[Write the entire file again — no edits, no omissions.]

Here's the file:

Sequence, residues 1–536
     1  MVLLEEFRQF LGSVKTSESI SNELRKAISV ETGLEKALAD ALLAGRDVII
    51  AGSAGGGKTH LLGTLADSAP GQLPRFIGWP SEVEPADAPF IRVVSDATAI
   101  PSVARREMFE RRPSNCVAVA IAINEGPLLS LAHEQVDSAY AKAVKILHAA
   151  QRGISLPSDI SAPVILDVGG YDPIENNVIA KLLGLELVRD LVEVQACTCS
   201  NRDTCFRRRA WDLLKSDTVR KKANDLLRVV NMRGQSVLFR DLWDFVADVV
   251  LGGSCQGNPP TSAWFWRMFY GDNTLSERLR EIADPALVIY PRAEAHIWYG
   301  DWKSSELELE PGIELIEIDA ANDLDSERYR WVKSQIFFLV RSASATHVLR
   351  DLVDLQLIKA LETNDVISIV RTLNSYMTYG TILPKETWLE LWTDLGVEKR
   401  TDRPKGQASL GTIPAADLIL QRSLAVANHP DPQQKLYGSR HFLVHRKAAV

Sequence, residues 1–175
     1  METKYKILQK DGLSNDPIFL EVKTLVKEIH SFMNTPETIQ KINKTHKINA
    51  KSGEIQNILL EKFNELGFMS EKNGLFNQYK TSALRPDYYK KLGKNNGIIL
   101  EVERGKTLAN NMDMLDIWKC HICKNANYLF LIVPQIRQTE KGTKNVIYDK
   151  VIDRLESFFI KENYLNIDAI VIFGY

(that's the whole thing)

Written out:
Sequence, residues 1–536
     1  MVLLEEFRQF LGSVKTSESI SNELRKAISV ETGLEKALAD ALLAGRDVII
    51  AGSAGGGKTH LLGTLADSAP GQLPRFIGWP SEVEPADAPF IRVVSDATAI
   101  PSVARREMFE RRPSNCVAVA IAINEGPLLS LAHEQVDSAY AKAVKILHAA
   151  QRGISLPSDI SAPVILDVGG YDPIENNVIA KLLGLELVRD LVEVQACTCS
   201  NRDTCFRRRA WDLLKSDTVR KKANDLLRVV NMRGQSVLFR DLWDFVADVV
   251  LGGSCQGNPP TSAWFWRMFY GDNTLSERLR EIADPALVIY PRAEAHIWYG
   301  DWKSSELELE PGIELIEIDA ANDLDSERYR WVKSQIFFLV RSASATHVLR
   351  DLVDLQLIKA LETNDVISIV RTLNSYMTYG TILPKETWLE LWTDLGVEKR
   401  TDRPKGQASL GTIPAADLIL QRSLAVANHP DPQQKLYGSR HFLVHRKAAV

Sequence, residues 1–175
     1  METKYKILQK DGLSNDPIFL EVKTLVKEIH SFMNTPETIQ KINKTHKINA
    51  KSGEIQNILL EKFNELGFMS EKNGLFNQYK TSALRPDYYK KLGKNNGIIL
   101  EVERGKTLAN NMDMLDIWKC HICKNANYLF LIVPQIRQTE KGTKNVIYDK
   151  VIDRLESFFI KENYLNIDAI VIFGY